Rant about the radio

Well, technically the prompt was “you’re listening to the radio” but I didn’t know where to go with it, so I did a sort of stream-of-consciousness essay. This is what an actual essay would look like in its SFD (shitty first draft) form. If I had to write an actual essay about my feelings for radio, I would be cleaning this up, putting some actual segues in there, maybe a thesis statement. Instead, it’s just kind of a ramble.

The radio, most often, is crap. Either it’s playing songs I don’t like or songs I’ve heard a thousand times that I didn’t like much to begin with. When that’s not happening, it’s DJs who think they’re funny and commercials by people who really shouldn’t have taken the DIY approach. Your local pizza joint does not need a five verse theme song sung by an Elvis impersonator. Your bakery does not need a chamber orchestra.

The dilemma is that I never hear new songs if I don’t listen to the radio. Sure, I could go on Pandora or another service, crawl YouTube, etc. But most of how I get new music is my husband saying, “I heard a new one on the radio today, check it out.” And boom: new favorite song.

He has a CD player in his car but not an mp3 jack. I have both, so often I have my mp3 player hooked up, in an insulated loop of known qualities. Stagnant, except for the new insertions that I hear by chance or that others introduce to me.

It was a problem even when I had satellite radio. That was one of the little perks I got with my car when it was new: 6 months free satellite radio, and 6 months of letters begging me to subscribe afterward. Meanwhile I got radio that would cut out every time I drove through an underpass or a heavily wooded area. It was all partitioned by sub-genre, like a bookstore or a record store (remember those, oldsters?) kept by a particularly obsessive-compulsive staff. And they had these names like “Lithium” (the 90s grunge station – a jab at our emotional issues?) and “The Boneyard.” Even panning through the genres I favor, it would be a mix of stuff I didn’t recognize and stuff I recognized a little too well. But the same stuff.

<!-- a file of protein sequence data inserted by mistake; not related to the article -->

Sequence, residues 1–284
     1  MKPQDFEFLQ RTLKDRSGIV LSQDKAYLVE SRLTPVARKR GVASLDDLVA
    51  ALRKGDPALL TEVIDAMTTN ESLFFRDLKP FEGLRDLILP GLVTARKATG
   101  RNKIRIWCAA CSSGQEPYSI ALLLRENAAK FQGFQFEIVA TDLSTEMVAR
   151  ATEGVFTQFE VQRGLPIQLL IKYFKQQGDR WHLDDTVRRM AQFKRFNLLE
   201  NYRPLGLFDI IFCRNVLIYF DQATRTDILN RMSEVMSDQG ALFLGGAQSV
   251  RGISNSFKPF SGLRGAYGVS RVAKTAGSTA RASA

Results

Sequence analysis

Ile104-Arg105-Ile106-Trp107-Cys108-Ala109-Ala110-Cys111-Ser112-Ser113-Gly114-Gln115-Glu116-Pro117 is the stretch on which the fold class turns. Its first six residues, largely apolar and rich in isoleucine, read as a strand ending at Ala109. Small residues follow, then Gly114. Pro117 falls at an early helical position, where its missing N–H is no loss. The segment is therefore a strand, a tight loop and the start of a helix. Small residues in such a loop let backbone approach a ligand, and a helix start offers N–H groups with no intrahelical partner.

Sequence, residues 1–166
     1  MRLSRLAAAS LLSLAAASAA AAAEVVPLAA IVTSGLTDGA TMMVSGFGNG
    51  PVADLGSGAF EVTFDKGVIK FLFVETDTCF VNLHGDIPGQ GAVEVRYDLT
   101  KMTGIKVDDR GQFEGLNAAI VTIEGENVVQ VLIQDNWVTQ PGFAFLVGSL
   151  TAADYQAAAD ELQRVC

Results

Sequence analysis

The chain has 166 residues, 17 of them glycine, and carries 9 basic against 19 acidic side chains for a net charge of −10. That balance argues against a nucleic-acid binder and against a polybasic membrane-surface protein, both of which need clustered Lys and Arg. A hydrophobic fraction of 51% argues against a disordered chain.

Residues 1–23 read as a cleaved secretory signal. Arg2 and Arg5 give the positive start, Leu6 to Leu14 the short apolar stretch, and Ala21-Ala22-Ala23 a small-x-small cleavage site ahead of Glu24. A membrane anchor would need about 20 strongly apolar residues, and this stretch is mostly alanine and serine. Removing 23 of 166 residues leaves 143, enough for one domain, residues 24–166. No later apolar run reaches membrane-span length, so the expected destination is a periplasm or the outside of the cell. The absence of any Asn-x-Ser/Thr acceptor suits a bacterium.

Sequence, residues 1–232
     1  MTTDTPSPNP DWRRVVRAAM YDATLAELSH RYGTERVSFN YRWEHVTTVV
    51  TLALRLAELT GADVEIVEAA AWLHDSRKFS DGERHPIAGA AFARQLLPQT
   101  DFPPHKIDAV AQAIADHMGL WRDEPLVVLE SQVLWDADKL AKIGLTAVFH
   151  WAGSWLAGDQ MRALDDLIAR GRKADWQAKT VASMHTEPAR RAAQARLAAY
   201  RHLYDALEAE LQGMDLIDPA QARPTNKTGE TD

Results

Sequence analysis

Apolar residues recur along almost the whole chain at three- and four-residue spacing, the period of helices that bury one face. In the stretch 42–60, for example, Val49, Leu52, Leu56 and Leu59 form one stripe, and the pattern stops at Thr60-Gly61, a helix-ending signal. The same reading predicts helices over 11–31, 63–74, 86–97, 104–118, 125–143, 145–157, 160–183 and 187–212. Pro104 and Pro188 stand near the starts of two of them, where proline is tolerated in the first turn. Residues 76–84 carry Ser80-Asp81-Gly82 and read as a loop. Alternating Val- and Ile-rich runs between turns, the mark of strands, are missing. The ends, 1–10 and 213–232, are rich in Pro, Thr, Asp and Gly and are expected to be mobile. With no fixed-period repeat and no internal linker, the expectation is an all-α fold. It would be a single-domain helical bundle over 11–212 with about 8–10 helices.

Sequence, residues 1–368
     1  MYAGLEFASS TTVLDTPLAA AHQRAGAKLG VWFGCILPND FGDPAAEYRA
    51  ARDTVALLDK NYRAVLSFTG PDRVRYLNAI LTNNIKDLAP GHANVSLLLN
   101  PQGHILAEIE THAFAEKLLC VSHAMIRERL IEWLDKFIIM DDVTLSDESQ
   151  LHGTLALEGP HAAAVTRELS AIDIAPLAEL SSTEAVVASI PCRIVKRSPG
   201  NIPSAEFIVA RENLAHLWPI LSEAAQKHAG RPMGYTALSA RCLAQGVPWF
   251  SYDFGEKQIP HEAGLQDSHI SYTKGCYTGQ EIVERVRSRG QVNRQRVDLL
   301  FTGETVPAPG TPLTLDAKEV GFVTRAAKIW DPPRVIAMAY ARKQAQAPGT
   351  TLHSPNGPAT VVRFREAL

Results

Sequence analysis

It was like when I was a kid, about 12, staying with my grandparents in Florida. They had an intercom system throughout their house (which must’ve been a vogue in the 1970s into the 1980s until everyone realized that they still just shouted across the house anyway, because my parents had one, even though it had burnt out somehow and never worked in my memory) and all day they would play this radio station, the kind you could set your watch by. Sheryl Crow, must be time for lunch.

I suppose I should do Pandora. I’m told I can get the app for my smart phone, but I’ve always hated the idea of hooking my phone up like an mp3 player. I know phones are tiny computers now, but for me its primary purpose is communication, either by call or text, and if I need to get a hold of someone and my battery is dead because I’ve been listening to music all day on it, I’m the idiot. Until they release a phone with a battery charged by exposure to solar (get on that, someone!) I’ll be holding off. Though I bet there are Pandora-enabled cars now, way out of my price range.